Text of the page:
Theologically, semi-Pelagianism is shallow and opens the door to Pelagianism; it does not take seriously enough the helplessness of humanity or humanity’s total dependence on God for everything good. It also attributes an autonomy to the human being that elevates the person too high in relation to God. It also reduces the gift nature of salvation and opens the possibility that salvation can be at least partially earned or merited.

Only the doctrine of prevenient grace matches what Scripture says about the human condition and about salvation and protects the gospel from humanistic dilution.

An Orthodox Creed
An Orthodox Creed: or, A Protestant Confession of Faith, which Dr Olson referenced above, is available online for free in PDF from The Center for Theological Research at Southwestern Baptist Theological Seminary, including a 2006 Editor's Preface by Madison Grace.  Article XX reads in full (link, bold mine):

Of Free-will in Man.

God hath endued the Will of Man with that natural liberty and power, of acting upon Choice, that it is neither forced, nor by any necessity of Nature determined, to do Good or Evil:196 But Man in the state of Innocency, had such power and liberty of Will, to chuse and perform that which was acceptable and well pleasing to God, according to the requirement of the First Covenant;197 but he falling from his state of Innocency, wholly lost all ability, or liberty of Will, to any Spiritual Good, for his eternal Salvation,198 his Will being now in bondage under Sin and Satan;199 and therefore not able of his own strength to Convert himself, nor prepare himself thereunto, without God’s Grace taketh away the enmity out of his Will, and by his special Grace, freeth him from his natural Bondage under Sin, enabling him to will freely and sincerely, that which is spiritually good,200 according to the tenure of the new Covenant of Grace in Christ, though not perfectly according to the tenure of the First Covenant;201 which perfection of Will is only attainable in the state of Glory, after the Redemption, or Resurrection of our Fleshly Bodies, Rom. 8.23. Ephes. 4.13.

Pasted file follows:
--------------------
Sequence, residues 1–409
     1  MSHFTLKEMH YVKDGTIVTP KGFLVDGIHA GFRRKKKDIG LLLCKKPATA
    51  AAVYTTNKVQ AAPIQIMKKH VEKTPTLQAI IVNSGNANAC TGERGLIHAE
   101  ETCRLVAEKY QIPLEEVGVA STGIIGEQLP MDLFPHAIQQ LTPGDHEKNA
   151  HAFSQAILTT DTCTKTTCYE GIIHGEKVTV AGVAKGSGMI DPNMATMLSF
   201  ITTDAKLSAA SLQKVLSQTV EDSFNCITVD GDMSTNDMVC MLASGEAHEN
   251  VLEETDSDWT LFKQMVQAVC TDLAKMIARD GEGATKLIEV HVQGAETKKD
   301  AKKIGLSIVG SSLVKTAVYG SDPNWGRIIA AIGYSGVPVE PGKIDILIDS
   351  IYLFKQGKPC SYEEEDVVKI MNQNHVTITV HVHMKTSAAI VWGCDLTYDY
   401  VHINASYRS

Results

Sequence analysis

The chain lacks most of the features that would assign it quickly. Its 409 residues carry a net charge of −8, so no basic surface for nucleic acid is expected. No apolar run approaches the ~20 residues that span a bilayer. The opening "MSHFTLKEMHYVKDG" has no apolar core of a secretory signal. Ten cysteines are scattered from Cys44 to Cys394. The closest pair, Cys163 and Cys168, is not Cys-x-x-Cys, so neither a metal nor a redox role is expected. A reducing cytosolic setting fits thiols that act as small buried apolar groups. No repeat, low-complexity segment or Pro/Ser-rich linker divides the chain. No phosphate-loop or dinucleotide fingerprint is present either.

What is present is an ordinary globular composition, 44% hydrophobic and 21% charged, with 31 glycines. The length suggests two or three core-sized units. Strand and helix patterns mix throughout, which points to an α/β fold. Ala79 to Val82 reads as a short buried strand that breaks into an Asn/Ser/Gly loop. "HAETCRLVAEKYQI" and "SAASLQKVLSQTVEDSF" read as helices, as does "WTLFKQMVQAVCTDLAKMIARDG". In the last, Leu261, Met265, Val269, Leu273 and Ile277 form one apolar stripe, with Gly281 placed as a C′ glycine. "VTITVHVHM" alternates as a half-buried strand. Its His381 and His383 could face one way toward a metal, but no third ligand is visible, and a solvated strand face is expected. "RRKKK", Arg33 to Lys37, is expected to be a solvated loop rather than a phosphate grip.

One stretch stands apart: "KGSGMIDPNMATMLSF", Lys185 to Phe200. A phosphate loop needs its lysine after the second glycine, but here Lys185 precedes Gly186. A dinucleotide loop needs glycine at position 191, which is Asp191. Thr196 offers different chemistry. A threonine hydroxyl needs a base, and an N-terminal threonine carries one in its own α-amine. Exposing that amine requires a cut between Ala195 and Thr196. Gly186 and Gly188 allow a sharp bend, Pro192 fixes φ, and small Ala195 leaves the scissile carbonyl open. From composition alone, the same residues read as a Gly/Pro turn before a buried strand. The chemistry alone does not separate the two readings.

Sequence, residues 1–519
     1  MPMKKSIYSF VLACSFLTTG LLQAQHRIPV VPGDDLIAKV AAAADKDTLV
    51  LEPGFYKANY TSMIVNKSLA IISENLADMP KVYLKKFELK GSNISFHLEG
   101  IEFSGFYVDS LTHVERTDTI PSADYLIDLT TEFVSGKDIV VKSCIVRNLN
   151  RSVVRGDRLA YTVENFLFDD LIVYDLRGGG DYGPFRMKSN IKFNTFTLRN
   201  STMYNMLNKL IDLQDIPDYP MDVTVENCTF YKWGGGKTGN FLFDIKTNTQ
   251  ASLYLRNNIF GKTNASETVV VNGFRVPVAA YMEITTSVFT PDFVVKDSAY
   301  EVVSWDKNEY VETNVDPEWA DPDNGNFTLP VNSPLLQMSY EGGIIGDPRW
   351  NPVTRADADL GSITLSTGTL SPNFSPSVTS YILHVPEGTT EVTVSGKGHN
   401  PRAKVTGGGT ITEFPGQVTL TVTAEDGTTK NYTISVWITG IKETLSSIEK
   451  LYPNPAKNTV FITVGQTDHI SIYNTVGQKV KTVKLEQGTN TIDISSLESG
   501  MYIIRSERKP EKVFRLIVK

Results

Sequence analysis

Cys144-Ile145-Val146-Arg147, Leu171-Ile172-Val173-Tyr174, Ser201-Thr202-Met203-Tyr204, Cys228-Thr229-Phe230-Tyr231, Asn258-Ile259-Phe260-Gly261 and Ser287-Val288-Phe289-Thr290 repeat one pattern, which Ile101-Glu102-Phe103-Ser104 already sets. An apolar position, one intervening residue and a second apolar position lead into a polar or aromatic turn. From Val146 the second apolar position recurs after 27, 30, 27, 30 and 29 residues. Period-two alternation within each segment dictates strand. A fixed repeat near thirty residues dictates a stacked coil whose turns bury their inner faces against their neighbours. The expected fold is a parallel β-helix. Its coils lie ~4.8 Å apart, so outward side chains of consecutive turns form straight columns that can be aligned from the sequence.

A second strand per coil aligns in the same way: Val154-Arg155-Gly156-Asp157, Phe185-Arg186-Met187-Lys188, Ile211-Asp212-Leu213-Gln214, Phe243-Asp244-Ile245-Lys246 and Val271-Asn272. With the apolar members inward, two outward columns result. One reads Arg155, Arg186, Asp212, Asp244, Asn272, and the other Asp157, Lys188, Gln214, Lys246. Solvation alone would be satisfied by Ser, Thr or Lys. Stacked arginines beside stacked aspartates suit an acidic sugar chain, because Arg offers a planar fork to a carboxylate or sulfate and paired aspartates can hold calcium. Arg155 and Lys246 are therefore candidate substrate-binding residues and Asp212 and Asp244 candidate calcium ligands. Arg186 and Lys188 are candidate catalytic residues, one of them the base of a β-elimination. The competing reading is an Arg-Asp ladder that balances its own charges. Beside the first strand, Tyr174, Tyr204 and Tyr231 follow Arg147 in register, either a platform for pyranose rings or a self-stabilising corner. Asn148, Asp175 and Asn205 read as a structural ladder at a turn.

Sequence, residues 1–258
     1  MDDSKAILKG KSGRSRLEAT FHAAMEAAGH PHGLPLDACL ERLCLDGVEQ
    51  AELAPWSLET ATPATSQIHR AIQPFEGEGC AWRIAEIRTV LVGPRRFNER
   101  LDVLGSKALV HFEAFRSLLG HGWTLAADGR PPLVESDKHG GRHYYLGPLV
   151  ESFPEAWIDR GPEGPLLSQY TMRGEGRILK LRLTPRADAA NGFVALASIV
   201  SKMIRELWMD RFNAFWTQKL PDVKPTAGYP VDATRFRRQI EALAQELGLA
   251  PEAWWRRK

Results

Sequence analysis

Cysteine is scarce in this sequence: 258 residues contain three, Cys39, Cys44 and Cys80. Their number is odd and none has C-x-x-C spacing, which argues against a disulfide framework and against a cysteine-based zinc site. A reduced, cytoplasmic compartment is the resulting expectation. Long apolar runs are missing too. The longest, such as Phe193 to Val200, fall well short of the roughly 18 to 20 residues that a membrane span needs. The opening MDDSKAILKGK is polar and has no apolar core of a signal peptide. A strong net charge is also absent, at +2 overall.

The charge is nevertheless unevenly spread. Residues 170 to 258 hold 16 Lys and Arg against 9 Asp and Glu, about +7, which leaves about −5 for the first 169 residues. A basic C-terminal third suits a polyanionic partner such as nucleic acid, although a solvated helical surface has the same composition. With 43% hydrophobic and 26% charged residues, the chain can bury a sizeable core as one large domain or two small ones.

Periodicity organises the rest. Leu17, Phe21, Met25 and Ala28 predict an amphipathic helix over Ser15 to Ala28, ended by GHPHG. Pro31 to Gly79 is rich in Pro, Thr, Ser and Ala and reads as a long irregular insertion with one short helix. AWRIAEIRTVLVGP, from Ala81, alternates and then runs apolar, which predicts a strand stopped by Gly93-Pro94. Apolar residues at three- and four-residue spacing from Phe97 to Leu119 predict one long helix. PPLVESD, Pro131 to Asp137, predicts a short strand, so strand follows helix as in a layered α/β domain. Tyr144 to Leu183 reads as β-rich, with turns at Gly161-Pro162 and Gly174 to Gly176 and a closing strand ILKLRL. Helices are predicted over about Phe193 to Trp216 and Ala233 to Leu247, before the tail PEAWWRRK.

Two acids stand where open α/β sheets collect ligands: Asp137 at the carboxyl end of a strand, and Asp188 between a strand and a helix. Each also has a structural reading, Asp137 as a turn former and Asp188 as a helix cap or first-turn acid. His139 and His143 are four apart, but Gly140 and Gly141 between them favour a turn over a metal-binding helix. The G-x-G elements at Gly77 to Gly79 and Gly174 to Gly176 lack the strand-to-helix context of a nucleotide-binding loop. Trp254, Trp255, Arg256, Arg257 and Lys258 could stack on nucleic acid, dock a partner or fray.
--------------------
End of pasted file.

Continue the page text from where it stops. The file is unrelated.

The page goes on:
196  Mat. 17.12.
197  Eccles. 7.29.
198  Rom. 5.6. & 8.7, 8.
199  Joh. 8.44.
200  Ephes. 2.8, 9, 10.
201  Rom. 7.14, 15, 16.

Thomas Helwys congregation's Declaration of Faith

The first English Baptist confession was Thomas Helwys congregation's Declaration of Faith. A copy is available at the Society of Evangelical Arminians' website, including an introduction containing the following excerpt from The Life and Writings of Thomas Helwys: